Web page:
What you plan on doing with these will dictate how you finish off the backs.  A few friends and I made thousands of these (literally) in two weeks, a few years back, to be hot glued to some rather large invitations.  If I'm using these for something like a brooch, I like to stitch them down to squares of good old-fashioned crinoline (available at your local fabric/craft store, usually in either the bridal or interfacing sections).  Using a neutral, heavy duty thread, secure your flower to the crinoline, through the back, with as few or as many stitches needed - up and down - through the crinoline, and back through the front of the flower, etc., etc., etc.  It's not going to be pretty - you just want to make sure you get through all the "rounds", hiding the stitches from the front, within the folds.  Don't worry if your petals get a little crunched in the process - you can go back and fluff them out when done.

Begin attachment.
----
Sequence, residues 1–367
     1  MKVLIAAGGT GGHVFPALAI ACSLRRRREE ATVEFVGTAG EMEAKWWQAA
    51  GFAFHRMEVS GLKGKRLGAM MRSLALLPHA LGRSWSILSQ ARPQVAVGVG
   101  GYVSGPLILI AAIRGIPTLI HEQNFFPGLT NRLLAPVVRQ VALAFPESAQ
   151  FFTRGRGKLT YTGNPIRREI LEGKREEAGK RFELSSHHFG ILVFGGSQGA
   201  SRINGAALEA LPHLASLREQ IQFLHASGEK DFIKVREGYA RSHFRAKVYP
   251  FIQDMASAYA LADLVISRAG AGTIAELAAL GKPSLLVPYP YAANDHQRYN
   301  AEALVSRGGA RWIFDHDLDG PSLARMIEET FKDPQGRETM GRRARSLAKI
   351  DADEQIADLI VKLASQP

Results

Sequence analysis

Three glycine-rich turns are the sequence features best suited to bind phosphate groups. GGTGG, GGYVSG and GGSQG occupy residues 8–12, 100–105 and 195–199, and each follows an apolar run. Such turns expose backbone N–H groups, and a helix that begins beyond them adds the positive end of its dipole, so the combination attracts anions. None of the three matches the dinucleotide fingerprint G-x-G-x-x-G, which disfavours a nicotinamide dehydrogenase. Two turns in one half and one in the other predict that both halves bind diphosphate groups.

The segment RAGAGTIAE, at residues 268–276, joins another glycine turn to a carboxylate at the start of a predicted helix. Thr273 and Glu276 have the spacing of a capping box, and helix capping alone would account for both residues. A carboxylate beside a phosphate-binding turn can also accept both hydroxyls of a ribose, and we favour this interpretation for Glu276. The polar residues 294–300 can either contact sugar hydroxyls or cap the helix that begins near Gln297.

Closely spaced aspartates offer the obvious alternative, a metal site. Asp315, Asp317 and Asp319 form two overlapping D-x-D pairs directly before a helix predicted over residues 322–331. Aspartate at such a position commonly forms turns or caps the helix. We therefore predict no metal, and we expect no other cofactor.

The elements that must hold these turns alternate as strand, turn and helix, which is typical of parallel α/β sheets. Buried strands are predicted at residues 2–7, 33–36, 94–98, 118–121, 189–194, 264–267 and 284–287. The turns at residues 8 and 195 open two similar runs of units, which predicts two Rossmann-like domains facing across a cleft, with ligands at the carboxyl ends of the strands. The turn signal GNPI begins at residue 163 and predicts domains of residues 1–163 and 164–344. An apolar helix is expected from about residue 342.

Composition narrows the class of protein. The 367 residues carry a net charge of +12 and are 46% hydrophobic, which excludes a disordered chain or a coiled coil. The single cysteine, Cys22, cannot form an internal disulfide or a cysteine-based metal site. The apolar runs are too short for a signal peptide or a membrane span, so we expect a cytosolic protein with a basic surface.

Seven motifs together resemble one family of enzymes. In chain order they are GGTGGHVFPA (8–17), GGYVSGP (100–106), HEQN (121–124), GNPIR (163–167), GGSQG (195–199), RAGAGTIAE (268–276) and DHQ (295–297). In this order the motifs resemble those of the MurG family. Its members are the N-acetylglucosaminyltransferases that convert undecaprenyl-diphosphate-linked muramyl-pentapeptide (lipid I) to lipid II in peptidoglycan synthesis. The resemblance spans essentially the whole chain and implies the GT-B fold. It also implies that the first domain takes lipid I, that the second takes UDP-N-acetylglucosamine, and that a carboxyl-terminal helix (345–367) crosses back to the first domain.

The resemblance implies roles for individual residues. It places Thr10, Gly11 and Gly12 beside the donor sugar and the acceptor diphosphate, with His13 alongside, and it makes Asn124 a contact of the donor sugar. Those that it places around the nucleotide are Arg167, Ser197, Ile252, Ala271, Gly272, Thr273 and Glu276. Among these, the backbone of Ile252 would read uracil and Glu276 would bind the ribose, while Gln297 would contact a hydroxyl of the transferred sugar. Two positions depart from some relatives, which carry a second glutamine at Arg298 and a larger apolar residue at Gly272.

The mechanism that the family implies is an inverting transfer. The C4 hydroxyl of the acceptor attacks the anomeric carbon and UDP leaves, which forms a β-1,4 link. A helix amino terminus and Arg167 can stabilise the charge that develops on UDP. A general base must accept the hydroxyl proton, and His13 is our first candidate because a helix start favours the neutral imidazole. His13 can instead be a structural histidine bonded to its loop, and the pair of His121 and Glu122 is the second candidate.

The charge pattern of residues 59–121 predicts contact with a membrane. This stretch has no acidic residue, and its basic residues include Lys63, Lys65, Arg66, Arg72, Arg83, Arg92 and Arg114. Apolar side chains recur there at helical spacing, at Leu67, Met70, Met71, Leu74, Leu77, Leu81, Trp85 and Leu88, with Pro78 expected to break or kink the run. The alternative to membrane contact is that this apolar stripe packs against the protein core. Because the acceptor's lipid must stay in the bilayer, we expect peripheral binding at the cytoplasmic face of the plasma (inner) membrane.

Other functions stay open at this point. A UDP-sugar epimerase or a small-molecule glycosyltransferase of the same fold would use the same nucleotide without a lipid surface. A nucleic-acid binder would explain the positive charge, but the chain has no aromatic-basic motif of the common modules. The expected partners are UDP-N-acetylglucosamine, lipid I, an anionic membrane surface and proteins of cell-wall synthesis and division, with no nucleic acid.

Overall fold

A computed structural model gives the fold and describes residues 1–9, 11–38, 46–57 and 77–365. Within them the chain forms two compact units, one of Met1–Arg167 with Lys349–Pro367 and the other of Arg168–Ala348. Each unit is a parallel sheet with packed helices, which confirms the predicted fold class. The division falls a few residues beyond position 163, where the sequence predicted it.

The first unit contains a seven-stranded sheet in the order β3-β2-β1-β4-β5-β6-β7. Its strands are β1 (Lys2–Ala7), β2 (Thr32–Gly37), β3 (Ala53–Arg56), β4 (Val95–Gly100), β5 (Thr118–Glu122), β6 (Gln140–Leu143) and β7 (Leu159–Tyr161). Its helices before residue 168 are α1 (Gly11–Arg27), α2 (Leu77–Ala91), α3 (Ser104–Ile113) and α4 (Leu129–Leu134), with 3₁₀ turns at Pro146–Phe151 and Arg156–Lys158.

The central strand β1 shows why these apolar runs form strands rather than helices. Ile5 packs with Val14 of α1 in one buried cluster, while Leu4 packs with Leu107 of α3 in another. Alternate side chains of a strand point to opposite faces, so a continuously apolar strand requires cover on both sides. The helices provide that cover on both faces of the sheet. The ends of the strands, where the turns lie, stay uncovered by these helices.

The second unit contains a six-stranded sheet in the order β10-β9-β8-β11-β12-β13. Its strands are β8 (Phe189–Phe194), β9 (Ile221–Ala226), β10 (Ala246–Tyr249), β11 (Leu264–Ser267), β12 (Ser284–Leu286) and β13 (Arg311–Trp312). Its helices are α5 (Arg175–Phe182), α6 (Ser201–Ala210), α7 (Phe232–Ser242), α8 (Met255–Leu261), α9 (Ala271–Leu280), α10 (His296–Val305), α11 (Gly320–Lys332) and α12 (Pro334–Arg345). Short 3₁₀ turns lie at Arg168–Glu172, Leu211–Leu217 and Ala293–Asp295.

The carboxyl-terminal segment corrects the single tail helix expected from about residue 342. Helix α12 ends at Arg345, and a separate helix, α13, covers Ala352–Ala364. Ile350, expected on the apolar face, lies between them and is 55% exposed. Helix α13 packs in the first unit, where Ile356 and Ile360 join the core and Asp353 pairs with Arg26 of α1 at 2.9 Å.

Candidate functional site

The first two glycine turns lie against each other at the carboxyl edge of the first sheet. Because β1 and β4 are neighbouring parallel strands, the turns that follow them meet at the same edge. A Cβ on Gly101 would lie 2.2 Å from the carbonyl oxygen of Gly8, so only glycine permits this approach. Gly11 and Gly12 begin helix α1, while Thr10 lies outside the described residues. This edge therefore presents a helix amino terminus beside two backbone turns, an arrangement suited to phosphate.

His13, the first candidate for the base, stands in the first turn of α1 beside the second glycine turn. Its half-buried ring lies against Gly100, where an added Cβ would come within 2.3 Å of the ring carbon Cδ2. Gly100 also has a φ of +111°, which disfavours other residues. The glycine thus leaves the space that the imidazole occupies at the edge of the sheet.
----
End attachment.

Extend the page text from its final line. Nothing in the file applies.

Trim your crinoline, making sure not to cut through your stitches.  You can finish this off simply with a round of wool felt (or better yet, a silk leaf), with an attached pin back (or a magnetic corsage holder, if you're lucky enough to have access).  Hot glue the felt or leaf backing in place.  Everyone finds their own finishing touches and uses for these little beauties - I'm sure you will too.  These are the basics, pure and simple - have fun and make these your own.
We will be at the Grass Valley Old West Antiques Show in Grass Valley, CA tomorrow and Saturday (the 10th and 11th)...drop by and say hello.  Hoping your Mother's Day is spent surrounded by loved ones - Carole


  1. Oh my goodness is this gorgeous!!! Thank you so much for this awesome tutorial!!! I will be trying my hand at it...we will see how I do!! You are so very talented!!